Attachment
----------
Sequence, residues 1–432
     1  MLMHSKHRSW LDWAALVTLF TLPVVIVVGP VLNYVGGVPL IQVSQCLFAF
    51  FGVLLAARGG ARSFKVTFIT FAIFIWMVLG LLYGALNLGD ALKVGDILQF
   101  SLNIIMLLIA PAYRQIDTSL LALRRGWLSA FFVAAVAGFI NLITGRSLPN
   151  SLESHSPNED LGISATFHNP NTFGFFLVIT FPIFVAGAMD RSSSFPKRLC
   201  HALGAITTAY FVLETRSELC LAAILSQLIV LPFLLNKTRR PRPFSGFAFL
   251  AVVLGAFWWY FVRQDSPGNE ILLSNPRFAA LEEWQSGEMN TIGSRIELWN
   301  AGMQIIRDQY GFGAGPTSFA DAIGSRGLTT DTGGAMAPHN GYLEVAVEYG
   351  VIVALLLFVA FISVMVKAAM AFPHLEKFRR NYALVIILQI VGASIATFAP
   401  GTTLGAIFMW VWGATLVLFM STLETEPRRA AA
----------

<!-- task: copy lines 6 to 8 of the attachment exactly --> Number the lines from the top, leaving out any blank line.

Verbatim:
   201  HALGAITTAY FVLETRSELC LAAILSQLIV LPFLLNKTRR PRPFSGFAFL
   251  AVVLGAFWWY FVRQDSPGNE ILLSNPRFAA LEEWQSGEMN TIGSRIELWN
   301  AGMQIIRDQY GFGAGPTSFA DAIGSRGLTT DTGGAMAPHN GYLEVAVEYG